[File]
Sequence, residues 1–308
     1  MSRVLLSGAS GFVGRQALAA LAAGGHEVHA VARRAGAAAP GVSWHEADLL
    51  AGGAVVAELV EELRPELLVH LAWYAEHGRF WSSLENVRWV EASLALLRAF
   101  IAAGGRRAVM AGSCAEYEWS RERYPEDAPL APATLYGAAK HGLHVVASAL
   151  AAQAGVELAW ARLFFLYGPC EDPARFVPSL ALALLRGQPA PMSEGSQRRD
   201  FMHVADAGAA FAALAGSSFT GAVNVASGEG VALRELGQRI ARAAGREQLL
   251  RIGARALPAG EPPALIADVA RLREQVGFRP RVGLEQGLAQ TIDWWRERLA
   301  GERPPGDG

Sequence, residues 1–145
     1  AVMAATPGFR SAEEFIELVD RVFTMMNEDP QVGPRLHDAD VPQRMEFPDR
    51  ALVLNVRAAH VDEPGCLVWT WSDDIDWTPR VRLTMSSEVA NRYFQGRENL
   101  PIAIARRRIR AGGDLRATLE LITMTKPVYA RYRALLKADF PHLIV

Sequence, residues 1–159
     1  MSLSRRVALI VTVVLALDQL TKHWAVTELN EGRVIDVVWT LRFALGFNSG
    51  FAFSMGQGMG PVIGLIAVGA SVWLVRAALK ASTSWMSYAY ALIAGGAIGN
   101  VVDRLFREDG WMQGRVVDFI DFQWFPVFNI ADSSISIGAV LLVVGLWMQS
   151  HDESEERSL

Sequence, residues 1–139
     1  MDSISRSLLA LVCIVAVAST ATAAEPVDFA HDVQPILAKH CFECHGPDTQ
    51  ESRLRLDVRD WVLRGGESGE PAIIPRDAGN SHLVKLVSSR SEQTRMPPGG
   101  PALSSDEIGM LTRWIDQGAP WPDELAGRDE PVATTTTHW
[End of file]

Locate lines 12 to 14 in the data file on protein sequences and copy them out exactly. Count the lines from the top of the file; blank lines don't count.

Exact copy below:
   101  PIAIARRRIR AGGDLRATLE LITMTKPVYA RYRALLKADF PHLIV

Sequence, residues 1–159
     1  MSLSRRVALI VTVVLALDQL TKHWAVTELN EGRVIDVVWT LRFALGFNSG